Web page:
Controversy accompanies many attempts, particularly by outsiders, to write about Jim Jones, Peoples Temple and Jonestown, and my article, “From Silver Lake to Suicide,” was no exception. Precious few witnesses to the final apocalypse in Guyana remain, and many differing, often incompatible points of view among historians, survivors, defectors and relatives have to be reconciled. Or not! Family members, still baffled and sometimes defensive about their long-dead relatives’ involvement with this infamous “cult,” resented certain implications they found in my article that cast their kinsfolk in an unflattering light. I am deeply sorry to have added to the burden of grief borne by these families for 30 years but this issue goes to the very heart of any attempt to revisit Jonestown in order to counter the overwhelming impression, created in the media, that the victims were dupes or fools, placidly led to their deaths by a madman. If we are to restore to these people their dignity, their humanity and their moral agency, we must also acknowledge the role of personal responsibility in what transpired. A humane approach to the plight of the victims of Jonestown has to allow for the existence of individual free will, as this enables these people to be considered as something other, something more, than victims. However, I may never be able to convince family members that the letter to Jim Jones from Phyllis Chaikin in the FBI files was written without any coercion by Jones but was the product of free will. Such are the moral complications of examining these extraordinary events.
In writing the article, I became intrigued by the apparent link between “new religion” of the 1970s and “Red” political activism in the 1950s. High school friends of Chaikin, the woman whose letters from Jonestown I found in the basement of my house and who perished in Guyana with her husband and two teenagers, contacted me after the story was published, to express their sadness — and often their surprise — at her fate. Chaikin, like many of her contemporaries, had been immersed in socialist values from birth; her parents were dedicated progressives. One of her classmates informed me that Chaikin’s father, Herbert Alexander, could not have been, as I wrote, a member of the Communist Party of the USA while working as an educator within the federal or state system, but that he, like all the others, considered Communism not to be a blueprint for revolutionary change as much as a necessary moral response to institutional racism, the suppression of organized labor and the ugly specter of McCarthy. To belabor the causal connection between Chaikin and her husband Gene Chaikin’s ideological upbringing and their subsequent attraction to Jim Jones and his communist god is somewhat glib, however. My original intuition, now reinforced by many subsequent conversations, is that the key to this mystery will be found in family pathology rather than politics, or at least in some combination of both. Jonestown represents a unique historical collision between race, religion and politics in modern American history, yet, for me, the significance of this family’s tragic narrative is personal, intimate. For the past 30 years America has placed Jonestown beyond the boundaries of both rational and empathetic understanding, yet, if I have learned anything from the letters, from my researches and from the response to my piece, these “victims” of Jonestown were more like us than we have been raised to believe.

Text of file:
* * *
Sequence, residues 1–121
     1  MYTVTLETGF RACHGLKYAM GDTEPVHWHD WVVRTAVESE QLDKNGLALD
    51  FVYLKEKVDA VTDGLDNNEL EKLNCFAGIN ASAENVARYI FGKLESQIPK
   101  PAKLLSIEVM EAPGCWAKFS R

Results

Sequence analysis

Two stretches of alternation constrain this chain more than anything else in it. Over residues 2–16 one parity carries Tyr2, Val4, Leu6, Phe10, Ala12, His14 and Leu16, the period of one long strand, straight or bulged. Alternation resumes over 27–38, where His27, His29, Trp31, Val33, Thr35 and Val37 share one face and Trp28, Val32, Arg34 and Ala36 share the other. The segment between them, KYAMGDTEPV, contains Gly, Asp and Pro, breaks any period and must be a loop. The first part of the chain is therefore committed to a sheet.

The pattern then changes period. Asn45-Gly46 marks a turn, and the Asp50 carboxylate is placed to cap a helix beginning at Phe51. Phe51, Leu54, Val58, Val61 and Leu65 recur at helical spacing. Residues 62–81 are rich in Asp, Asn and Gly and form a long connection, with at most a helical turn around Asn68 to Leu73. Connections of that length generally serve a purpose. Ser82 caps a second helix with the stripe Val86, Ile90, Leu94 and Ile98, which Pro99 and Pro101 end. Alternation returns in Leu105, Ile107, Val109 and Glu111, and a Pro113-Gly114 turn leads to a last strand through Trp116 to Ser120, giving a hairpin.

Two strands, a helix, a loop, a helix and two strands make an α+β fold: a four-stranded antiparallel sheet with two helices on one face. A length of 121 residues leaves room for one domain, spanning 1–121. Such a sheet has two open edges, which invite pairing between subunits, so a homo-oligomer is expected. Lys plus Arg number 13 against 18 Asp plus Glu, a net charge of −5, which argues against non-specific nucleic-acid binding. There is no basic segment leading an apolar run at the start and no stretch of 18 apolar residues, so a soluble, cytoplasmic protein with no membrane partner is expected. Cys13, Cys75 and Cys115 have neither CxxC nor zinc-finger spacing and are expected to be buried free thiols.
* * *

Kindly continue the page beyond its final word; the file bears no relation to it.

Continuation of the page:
[Editor’s note: Isaacson’s story has received more than 73,000 page views at laweekly.com, and was chosen as the “notable narrative” for December by the Nieman Foundation for Journalism at Harvard University.]
From “From Silver Lake to Suicide: One Family’s Secret History of the Jonestown Massacre” by Barry Isaacson
The letter, signed simply “Phyllis,” is written to her parents, Herbert and Freda Alexander, who raised their only child in the hills above the Silver Lake reservoir. It is dated April 15, 1978, when Phyllis Chaikin was 39 years old, her husband, Gene, 45, and their children, Gail and David, 17 and 15. Seven months later, on the night of November 18, 1978, Phyllis, Gene, Gail and David would die — along with more than 900 others — in the most infamous religious mass suicide in American history.
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